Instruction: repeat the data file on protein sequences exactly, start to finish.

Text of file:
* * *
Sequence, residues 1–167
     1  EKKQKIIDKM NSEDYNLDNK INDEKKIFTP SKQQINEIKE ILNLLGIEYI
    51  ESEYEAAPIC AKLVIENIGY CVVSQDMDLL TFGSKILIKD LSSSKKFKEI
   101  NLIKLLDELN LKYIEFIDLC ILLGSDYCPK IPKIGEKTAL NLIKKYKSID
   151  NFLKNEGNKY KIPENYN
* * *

Sequence, residues 1–167
     1  EKKQKIIDKM NSEDYNLDNK INDEKKIFTP SKQQINEIKE ILNLLGIEYI
    51  ESEYEAAPIC AKLVIENIGY CVVSQDMDLL TFGSKILIKD LSSSKKFKEI
   101  NLIKLLDELN LKYIEFIDLC ILLGSDYCPK IPKIGEKTAL NLIKKYKSID
   151  NFLKNEGNKY KIPENYN